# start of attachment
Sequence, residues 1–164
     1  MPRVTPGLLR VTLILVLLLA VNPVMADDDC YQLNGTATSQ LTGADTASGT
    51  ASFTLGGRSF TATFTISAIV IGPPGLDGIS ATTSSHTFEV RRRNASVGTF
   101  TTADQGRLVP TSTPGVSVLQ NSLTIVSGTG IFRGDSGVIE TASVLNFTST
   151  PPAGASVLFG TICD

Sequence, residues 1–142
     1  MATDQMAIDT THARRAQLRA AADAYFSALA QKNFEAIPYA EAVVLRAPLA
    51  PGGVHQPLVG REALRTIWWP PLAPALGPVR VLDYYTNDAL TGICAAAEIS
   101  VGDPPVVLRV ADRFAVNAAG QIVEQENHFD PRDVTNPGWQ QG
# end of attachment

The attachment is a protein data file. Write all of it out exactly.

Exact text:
Sequence, residues 1–164
     1  MPRVTPGLLR VTLILVLLLA VNPVMADDDC YQLNGTATSQ LTGADTASGT
    51  ASFTLGGRSF TATFTISAIV IGPPGLDGIS ATTSSHTFEV RRRNASVGTF
   101  TTADQGRLVP TSTPGVSVLQ NSLTIVSGTG IFRGDSGVIE TASVLNFTST
   151  PPAGASVLFG TICD

Sequence, residues 1–142
     1  MATDQMAIDT THARRAQLRA AADAYFSALA QKNFEAIPYA EAVVLRAPLA
    51  PGGVHQPLVG REALRTIWWP PLAPALGPVR VLDYYTNDAL TGICAAAEIS
   101  VGDPPVVLRV ADRFAVNAAG QIVEQENHFD PRDVTNPGWQ QG